Lavender Not Flowering? Most Likely Causes And 9 Solutions

The beauty of the lavender plant lies in the lush purple and blue flowers.  The flowers are the sole reason for the rich lavender aroma and the antiseptic and anti-inflammatory properties that they transcend. Without these glorious flowers, it would lose the essence of its true beauty. It is no wonder that there is a concern if the lavender plant is not flowering.

The reason for the lavender not flowering is usually because the plant is stressed. Lavenders are adapted to soil with low nutrient levels in the soil. They usually bloom well in slightly alkaline soils. If the soil is too rich in acidic levels, then the plant will not produce any flowers.

A non-flowering lavender speaks volumes about the well-being of the plant. Let’s try to get a deeper insight into the reasoning behind the lavender not flowering. We can try to find solutions to reverse this process and eventually turn this stressed perennial into a happy perennial.

Reasons Why Lavender Plant Is Not Flowering

There are many reasons why  a lavender plant will not produce flowers.  Below are some of these reasons.

The Lavender Plant Lacks Adequate Pruning

Pruning lavender

Without pruning, lavender bushes will get woody very quickly losing their ability to flower.  It is essential to understand the pruning process as they differ slightly with different variations of lavender plants.

  • The English lavender will require a light all over clipping as soon as the flowers are over. If possible, avoid cutting back into old wood.
  • The French lavender plant only needs regular deadheading to remove each of the knobbly dead flowers entirely with a short stalk as soon as they go over. It is advisable to leave the rest of the plant untouched.
  • The Hybrid lavender will only need half of the height of the plant to be cut back. It is also advisable to leave the green leaves intact.

The Wrong Soil Type

The lavender plant has quite a specific soil requirement. The soil needs to be free of alkaline and free draining. Most garden soils are between pH 6-7, with six being acidic and seven being neutral.

Garden soil maybe a little too much on the acidic side, which can be detrimental to the health of the lavenders and the production of flowers. Chalky thin soil is perfect for the lavender’s growth.

There is often a misconception that lavenders need organic matter or synthetic fertilizer added to the soil where lavender plants are grown. If anything, it is a contributing factor to the non-flowering of the plant.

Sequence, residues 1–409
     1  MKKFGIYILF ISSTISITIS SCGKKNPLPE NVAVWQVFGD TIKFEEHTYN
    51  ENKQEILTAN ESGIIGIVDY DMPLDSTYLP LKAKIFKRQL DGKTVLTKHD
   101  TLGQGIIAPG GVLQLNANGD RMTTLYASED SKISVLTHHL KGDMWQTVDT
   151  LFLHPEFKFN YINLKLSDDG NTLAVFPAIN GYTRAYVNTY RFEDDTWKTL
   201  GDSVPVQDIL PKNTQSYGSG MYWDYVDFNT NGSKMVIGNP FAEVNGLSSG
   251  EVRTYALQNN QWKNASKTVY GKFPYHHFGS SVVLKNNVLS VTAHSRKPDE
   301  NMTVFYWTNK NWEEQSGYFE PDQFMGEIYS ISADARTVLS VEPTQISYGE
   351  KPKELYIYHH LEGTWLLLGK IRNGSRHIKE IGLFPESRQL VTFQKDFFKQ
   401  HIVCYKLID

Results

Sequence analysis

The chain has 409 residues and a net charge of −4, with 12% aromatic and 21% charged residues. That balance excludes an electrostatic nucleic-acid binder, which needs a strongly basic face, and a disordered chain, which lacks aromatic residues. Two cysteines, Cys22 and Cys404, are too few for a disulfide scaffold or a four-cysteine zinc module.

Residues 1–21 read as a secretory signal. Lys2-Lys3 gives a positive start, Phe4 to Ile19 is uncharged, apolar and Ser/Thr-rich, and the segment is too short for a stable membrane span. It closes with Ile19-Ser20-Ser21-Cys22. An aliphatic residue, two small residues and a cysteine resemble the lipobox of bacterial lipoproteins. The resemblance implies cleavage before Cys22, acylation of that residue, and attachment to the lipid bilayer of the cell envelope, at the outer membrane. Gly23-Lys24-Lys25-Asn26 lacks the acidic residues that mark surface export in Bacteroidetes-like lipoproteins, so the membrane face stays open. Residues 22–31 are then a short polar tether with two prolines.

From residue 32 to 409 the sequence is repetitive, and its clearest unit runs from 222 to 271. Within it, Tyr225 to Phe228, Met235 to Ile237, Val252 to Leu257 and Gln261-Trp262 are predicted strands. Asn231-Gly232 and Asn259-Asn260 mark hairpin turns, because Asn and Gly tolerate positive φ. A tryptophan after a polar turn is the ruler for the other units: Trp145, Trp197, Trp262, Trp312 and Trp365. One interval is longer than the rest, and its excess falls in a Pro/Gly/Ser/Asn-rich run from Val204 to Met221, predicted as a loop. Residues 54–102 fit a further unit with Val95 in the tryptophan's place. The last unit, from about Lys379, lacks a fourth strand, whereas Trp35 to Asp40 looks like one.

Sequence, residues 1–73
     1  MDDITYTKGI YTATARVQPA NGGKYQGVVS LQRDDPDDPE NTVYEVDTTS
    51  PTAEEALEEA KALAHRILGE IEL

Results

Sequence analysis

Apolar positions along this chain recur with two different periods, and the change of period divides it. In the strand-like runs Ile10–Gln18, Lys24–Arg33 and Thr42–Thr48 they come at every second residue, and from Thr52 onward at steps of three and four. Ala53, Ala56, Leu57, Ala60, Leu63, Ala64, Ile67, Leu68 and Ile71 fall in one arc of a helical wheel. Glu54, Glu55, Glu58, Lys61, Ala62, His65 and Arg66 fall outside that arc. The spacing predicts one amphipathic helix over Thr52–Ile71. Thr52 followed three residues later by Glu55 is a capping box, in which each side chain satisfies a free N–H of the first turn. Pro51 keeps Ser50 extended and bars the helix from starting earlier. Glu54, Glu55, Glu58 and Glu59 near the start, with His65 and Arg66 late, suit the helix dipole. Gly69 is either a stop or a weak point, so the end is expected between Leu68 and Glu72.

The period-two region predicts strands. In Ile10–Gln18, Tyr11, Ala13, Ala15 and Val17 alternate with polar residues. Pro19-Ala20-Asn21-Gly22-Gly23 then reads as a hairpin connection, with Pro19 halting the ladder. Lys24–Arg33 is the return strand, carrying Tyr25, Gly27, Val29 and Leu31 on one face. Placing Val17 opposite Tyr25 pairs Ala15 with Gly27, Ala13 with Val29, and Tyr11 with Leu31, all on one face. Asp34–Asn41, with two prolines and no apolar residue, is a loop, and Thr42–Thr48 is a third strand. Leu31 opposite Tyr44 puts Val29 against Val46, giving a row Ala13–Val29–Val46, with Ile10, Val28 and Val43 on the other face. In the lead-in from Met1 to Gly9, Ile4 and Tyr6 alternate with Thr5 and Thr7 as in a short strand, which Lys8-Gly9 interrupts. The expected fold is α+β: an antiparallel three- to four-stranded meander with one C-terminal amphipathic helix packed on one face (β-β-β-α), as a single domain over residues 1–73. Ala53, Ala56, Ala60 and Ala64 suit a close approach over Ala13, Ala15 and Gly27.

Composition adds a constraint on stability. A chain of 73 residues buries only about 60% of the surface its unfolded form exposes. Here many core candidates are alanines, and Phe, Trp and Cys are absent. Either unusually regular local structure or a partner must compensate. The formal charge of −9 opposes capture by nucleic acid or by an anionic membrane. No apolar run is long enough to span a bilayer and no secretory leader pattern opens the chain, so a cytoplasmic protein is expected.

Lavenders grown in heavy wet clay soil will also not guarantee any blooms. They flourish well in low fertility draining soil with some grit added to the mixture. High fertility soils often produce high foliage growth, which comes at the detriment of the flowers.

Read more: Lavender Turning Brown: 4 Primary Causes And Effective Solutions

Planted In The Wrong Spot In The Garden

This sunny plant of Mediterranean origin needs at least six hours of sunlight to produce its fragrant blooms. You will not be a witness to any flourishing blooms if the lavender is planted under a tree. The plant will also not fair well in the flowering department if planted in a windy location.

It would be ideal for planting in a sunny spot, preferably against a border or a wall that receives ample sunlight.

Transplant Shock Causes Lavender Not To Flower

Transplanting lavender

Lavenders are best transplanted in early spring when the ground has warmed up.  If the correct transplant procedure is not followed, the plant can end up with transplant shock, restricting the growth of flowers.

Transplanting them during the wrong time of the year can also put immense stress on the plant. A plant under stress will not be able to function at its optimum and achieve its full potential. In this case, not flowering will be one of the effects of this stress.

Different Lavender Species Flower At Different Times

Generally, if the plant is healthy, all lavenders should flower healthy at some point during the spring and summer seasons. You need to know the lavender variety that you have and know what season you can expect flowering. Perhaps you have miscalculated your timing in accepting a bloom.

So it may be the case that your particular lavender cultivar is yet to flower, or you had missed the window of flowering depending on when you bought the plant.

I have put together a list of bloom times which will hopefully help give you some guidelines.